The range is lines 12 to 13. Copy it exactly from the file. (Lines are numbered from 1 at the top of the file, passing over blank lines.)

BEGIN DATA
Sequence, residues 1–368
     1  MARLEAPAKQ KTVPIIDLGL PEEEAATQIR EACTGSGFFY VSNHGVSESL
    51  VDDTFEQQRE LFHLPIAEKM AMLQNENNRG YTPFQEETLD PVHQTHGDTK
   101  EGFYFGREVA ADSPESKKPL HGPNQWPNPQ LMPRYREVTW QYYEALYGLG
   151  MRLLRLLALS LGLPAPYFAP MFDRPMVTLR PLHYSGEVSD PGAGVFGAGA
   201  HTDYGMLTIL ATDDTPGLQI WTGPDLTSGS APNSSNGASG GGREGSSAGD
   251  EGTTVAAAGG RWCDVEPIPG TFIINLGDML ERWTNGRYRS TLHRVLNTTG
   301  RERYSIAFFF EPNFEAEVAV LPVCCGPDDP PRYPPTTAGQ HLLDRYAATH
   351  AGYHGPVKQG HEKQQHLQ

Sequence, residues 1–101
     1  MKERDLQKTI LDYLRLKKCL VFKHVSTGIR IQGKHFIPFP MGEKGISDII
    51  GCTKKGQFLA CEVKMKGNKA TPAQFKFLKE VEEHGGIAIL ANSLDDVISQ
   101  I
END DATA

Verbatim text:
    51  GCTKKGQFLA CEVKMKGNKA TPAQFKFLKE VEEHGGIAIL ANSLDDVISQ
   101  I